Today I went to the Women’s March with a friend and Hugo, his black lab puppy. Hugo had a sign on his back, “The Future Is Bitches”. I kept joking that so many people were taking Hugo’s photograph he would be on the cover of tomorrow’s Times. On the way to the March, which started by Trump Tower near Central Park, I noticed a few … Continue reading Marching Toward Culturally Relevant Advertising
If Apple can bring computers to the masses, and Fios makes it painless to set up routers, manufacturers of household appliances have no excuses for dated, poor user experiences. Continue reading Why Is Bad User Experience Design Still A Thing?
Advertising and social good? Digital detox? Authentic brands? Each trend contains an undeniable tension almost to the point of oxymoronic. Continue reading Are Paradoxes Trending?
I’m attending AdWeek NYC for the first time. (That’s a career milestone, right? Adding it to my resume.) Starting my master’s in Communications has already opened doors and my mind; I wouldn’t have known about AdWeek’s student rate had a classmate not mentioned it during a lunch break (thanks Anthony!). Both panels I attended today reinforced key concepts from a course in Organizational Strategy: Concept 1: Success Isn’t Defined By Competition Alone In a discussion about … Continue reading NYC AdWeek From A Comms Student Perspective
Oh hey. I’m going to write a blog post about the most recent mind-blowing cultural shit I’ve seen in New York because it makes me feel like I’m getting more value for my rent. My first impression of the New Museum back in 2007 was of dismissal; it felt too conceptual, postmodern and obnoxious. The art was not accessible; it made me feel dumb for not “getting it” – for … Continue reading How “Surround Audience” at The New Museum Blew My Mind Twice
It’s a humbling experience to realize that while you enjoy writing, did well in school and aren’t afraid of expository essays – it’s a whole other world when writing for the web. Social media, email newsletters, company blog posts…these should be considered channels to produce “copy” – not tomes. Compelling copy is written economically. Less is more, no matter how long the supporting body copy should be. … Continue reading Writing For Online Audiences? Say More. Write Less.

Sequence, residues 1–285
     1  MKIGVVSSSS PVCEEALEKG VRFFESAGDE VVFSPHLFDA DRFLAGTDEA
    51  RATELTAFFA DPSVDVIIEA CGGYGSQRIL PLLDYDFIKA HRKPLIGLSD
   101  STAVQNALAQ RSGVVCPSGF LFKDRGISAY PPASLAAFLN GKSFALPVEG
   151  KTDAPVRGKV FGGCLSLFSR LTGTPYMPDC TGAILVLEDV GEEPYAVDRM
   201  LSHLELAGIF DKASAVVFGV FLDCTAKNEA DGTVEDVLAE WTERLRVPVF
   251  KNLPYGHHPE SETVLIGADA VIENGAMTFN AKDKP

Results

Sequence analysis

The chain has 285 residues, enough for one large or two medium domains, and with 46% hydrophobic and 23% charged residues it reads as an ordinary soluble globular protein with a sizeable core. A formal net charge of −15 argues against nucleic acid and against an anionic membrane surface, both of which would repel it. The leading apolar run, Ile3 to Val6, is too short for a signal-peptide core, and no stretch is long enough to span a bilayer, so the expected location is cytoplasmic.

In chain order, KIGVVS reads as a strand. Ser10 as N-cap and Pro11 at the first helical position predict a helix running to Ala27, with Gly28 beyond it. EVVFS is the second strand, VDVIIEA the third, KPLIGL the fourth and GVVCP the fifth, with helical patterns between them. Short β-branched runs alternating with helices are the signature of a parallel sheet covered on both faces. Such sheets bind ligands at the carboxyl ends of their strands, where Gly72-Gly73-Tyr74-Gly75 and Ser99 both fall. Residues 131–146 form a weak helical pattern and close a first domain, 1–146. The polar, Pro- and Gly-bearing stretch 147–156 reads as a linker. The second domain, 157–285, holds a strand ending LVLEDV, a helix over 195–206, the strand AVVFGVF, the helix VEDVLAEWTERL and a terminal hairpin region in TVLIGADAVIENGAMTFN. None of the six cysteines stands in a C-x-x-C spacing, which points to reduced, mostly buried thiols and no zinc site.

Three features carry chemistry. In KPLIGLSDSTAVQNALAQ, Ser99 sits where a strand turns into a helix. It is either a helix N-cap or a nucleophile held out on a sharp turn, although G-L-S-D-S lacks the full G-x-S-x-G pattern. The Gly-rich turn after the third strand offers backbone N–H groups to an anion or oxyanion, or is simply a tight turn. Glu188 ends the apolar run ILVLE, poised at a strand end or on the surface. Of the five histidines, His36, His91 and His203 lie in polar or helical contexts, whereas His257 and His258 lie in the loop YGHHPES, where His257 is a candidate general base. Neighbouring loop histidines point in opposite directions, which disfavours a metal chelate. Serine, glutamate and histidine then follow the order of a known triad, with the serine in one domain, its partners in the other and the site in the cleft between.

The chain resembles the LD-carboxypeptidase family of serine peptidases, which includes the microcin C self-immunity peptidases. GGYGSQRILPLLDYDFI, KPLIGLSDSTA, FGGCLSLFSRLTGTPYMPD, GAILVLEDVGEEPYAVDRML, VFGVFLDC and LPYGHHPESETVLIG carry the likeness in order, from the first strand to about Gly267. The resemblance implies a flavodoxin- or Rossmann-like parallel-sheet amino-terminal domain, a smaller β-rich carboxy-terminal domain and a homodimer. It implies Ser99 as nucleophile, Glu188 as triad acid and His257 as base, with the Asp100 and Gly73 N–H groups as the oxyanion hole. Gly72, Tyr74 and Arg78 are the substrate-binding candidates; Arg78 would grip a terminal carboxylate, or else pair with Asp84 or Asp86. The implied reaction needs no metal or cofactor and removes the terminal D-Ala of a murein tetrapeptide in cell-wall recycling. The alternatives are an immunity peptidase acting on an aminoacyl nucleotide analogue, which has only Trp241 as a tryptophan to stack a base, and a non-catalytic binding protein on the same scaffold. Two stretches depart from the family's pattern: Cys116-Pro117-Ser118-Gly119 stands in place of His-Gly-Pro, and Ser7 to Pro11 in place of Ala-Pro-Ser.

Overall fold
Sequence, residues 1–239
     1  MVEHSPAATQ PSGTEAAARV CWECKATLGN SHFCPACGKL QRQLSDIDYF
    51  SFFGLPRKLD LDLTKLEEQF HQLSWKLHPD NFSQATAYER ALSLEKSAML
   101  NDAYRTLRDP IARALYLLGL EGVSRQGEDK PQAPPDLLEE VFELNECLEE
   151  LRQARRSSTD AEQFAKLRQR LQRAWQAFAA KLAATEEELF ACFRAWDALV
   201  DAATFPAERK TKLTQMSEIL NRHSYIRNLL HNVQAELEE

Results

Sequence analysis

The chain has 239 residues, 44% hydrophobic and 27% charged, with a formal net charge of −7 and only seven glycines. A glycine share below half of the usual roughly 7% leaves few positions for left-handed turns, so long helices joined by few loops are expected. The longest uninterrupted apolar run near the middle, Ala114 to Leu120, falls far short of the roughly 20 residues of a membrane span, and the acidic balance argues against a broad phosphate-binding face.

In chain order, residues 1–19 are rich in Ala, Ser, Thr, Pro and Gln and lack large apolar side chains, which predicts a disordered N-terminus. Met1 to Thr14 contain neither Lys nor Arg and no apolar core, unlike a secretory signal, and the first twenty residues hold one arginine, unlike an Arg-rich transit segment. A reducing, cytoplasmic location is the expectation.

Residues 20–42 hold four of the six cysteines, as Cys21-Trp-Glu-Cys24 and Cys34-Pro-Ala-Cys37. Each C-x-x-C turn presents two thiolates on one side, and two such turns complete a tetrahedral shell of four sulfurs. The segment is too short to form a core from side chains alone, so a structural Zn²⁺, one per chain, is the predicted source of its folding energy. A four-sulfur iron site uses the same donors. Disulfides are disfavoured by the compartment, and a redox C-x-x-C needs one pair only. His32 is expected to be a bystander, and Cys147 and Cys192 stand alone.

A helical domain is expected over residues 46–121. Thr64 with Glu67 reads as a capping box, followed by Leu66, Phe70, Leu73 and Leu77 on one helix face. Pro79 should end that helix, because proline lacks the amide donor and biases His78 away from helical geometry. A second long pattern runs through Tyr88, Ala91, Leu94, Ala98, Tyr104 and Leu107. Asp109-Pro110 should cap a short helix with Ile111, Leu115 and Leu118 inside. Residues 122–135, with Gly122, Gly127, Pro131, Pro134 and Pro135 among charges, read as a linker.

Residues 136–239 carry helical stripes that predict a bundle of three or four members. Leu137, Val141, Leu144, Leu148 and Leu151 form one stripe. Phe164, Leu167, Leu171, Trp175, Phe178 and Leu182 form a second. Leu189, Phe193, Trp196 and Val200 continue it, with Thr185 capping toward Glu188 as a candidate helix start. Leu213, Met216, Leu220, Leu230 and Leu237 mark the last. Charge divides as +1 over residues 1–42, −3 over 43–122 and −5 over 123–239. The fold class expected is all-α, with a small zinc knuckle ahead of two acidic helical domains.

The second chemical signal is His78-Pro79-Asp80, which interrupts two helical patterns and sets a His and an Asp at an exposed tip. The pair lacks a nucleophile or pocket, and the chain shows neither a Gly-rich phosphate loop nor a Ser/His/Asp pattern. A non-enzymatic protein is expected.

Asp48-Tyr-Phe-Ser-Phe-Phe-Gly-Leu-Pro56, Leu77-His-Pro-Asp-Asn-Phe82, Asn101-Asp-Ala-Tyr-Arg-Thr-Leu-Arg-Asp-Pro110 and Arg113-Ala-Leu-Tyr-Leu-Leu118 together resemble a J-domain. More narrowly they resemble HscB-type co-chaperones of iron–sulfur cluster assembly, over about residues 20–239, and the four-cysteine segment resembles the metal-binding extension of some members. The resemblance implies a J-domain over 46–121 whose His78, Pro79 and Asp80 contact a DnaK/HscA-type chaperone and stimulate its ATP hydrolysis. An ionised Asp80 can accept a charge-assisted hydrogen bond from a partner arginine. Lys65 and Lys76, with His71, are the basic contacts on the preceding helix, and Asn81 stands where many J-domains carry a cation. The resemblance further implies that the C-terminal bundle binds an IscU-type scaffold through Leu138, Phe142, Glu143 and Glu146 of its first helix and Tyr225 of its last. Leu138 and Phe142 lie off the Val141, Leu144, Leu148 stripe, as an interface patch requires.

3 min read One of the hardest parts of working for yourself is managing your time. Especially if you’re in the business of helping to manage web content that is goal-oriented and likely to produce positive results. Pitching work as packaged deliverables with deadlines is a skill. It requires organization, foresight, planning, experience and discipline. You’ve got to communicate the deliverables and the deadlines clearly, and … Continue reading Embracing The Process v. The Product of Creative Expression
I discovered this handbook on Twitter through a discussion with The Content Wrangler, a member of the content strategy community. This is a group of writers and strategists dedicated to improving the stuff we see on the web. Specifically, the stuff that brands and businesses put on the web, in the hopes that it’s seen by an intended audience. In a way, we’re all in the business of turning … Continue reading BOOK REVIEW: Global Content Strategy: A Primer by Val Swisher
Here is a random poster I made for “Legends Of The Hidden Temple” when I was learning to use Adobe Illustrator. Continue reading Legends of the Hidden Temple Was Too Real
I actually spent 3 hours last week testing time management apps and reveling in the irony of it all. Each app had its own attractive life-saving combination of promises and features, user interfaces and API integrations. None of them offered to actually do my work for me and none was obviously more helpful than the others. The one valuable discovery I did make during this otherwise complete waste … Continue reading The Paradox of Time Management Apps